Sysadmin tool DTrace reaches most distros
ORACLE’S systems instrumentation tool, DTrace, has been made available to the general Linux community. The software has been possible to run on Oracle Linux and FreeBSD for some time (the latter OS’s port meaning that DTrace will also, to a limited degree, run on Mac OSX’s BSD UNIX-based operating system).
But the move opens the toolset to the wider Linux operating system sphere, the platform on which the vast majority of the world’s servers run. DTrace has long been one of the tools available to systems administrators, who use it (DTrace stands for Dynamic Tracing) to examine software behaviors.
Unlike proprietary operating systems which can run servers, the variations of Linux (called distros, or distributions by the Linux community) are in the main written by, maintained, debugged and updated by end-users. This feature ensures that systems can be configured to serve a specific purpose more easily than some alternatives.
Administrators and developers alike can use DTrace even on live production servers to investigate both applications and operating systems’ innermost workings, tracking down incompatibilities and issues which impinge on performance.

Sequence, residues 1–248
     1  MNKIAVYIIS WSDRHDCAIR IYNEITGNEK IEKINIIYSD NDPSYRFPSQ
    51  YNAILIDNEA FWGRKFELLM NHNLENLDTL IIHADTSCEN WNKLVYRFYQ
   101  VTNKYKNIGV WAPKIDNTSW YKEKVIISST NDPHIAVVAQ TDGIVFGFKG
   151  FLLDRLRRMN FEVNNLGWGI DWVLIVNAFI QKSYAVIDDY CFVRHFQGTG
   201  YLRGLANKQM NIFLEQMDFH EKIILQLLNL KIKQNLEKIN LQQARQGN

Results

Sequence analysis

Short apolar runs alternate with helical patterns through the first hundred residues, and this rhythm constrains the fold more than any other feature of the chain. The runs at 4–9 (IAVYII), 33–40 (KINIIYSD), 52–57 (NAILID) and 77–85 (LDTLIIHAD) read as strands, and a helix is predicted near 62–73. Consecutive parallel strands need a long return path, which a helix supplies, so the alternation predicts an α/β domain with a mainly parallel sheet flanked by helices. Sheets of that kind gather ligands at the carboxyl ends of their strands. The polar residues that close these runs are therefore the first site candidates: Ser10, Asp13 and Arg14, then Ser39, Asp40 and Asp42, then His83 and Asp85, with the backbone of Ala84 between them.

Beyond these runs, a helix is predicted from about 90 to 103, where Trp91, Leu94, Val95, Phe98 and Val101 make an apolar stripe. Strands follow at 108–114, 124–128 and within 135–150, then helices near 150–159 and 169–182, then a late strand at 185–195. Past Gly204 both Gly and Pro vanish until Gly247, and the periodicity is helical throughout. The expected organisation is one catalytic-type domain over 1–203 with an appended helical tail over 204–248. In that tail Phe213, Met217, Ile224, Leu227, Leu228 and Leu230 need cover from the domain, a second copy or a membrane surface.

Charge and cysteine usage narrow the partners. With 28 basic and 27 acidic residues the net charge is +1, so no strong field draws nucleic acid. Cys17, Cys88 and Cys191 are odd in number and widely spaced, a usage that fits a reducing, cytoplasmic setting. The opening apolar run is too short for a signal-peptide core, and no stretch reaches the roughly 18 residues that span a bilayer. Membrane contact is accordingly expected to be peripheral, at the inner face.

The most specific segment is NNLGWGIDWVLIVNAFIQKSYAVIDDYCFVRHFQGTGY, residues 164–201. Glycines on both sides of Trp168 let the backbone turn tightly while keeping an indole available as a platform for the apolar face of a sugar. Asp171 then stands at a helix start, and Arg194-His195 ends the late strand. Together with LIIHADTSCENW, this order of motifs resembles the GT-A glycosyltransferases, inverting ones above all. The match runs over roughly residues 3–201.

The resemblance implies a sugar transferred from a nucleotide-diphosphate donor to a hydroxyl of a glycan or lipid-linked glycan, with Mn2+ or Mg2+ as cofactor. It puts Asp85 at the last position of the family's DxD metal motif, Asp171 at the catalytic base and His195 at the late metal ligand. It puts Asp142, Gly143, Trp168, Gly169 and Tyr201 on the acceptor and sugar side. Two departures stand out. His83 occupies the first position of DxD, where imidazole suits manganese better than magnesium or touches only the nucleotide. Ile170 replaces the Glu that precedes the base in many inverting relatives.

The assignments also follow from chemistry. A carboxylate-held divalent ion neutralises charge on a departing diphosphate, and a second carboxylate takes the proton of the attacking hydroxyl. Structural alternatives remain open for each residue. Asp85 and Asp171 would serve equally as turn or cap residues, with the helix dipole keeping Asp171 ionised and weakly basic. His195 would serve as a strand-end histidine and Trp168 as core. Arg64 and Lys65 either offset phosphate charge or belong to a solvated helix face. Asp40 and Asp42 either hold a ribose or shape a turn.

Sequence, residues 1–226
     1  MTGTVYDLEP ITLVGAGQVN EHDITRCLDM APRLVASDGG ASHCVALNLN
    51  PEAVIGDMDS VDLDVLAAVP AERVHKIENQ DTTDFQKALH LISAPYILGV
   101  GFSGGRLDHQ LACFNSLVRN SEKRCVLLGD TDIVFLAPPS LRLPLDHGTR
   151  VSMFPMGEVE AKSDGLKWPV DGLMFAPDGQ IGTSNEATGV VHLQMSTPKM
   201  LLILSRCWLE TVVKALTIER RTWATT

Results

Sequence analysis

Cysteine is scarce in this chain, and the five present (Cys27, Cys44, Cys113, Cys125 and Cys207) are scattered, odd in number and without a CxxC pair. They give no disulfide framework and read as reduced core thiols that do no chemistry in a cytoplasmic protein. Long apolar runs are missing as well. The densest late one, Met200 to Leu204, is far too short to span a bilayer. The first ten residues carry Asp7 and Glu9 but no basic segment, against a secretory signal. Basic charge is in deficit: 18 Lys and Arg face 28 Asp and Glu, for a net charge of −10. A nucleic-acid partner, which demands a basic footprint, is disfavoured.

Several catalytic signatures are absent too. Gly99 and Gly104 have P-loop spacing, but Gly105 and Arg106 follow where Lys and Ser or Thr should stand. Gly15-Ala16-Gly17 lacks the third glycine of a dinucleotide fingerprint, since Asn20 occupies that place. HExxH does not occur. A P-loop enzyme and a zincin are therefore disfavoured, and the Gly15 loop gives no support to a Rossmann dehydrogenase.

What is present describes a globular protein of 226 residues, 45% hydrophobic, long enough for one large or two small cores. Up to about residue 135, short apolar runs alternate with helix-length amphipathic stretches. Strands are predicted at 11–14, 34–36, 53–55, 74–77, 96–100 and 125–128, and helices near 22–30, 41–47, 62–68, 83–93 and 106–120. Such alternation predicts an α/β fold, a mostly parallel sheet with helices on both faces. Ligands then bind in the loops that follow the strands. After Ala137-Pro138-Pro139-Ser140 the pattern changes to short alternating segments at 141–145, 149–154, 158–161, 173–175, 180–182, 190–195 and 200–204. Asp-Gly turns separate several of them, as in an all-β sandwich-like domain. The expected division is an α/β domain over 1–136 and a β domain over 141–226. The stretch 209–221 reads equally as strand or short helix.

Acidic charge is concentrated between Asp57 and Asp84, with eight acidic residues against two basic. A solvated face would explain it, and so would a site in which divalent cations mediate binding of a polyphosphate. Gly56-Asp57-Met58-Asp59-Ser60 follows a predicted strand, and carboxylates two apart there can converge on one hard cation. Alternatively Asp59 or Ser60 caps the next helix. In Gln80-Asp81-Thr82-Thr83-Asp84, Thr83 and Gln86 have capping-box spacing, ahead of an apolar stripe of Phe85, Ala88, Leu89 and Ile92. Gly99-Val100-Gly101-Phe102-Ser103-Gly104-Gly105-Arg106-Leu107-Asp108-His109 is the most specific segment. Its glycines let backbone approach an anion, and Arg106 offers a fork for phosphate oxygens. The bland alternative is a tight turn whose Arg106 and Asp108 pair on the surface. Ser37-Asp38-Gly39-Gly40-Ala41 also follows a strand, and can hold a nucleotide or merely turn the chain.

The application is programmable using a language termed “D” which allows user scripting of automated virtual probes that can be pre-programmed. Users of D will in all likelihood be familiar with its syntax if they have some grounding in C, awk or Perl.
DTrace comprises of two facets, a kernel portion and a userspace portion in a single overarching codebase and therefore allows so-called upstream debugging right into systems’ kernels. This can ascertain whether the code base of a system’s OS might be the root cause of anomalies.
The changeset “integrates DTrace module sources into the main kernel source tree under the GPLv2 license. Sources have been moved to appropriate locations in the kernel tree.”
The GPLv2 license means that the project comprises of free content which may be used by anyone. Additionally, open source software operates in a broader community of enthusiasts and experts who can aid, advise and help anyone with a particular software or system-wide problem.
This leads to a particular DIY approach to systems administration which some argue is more efficient than, for instance, having to wait for more substantial business units such as Microsoft to issue periodic security and functionality patches.
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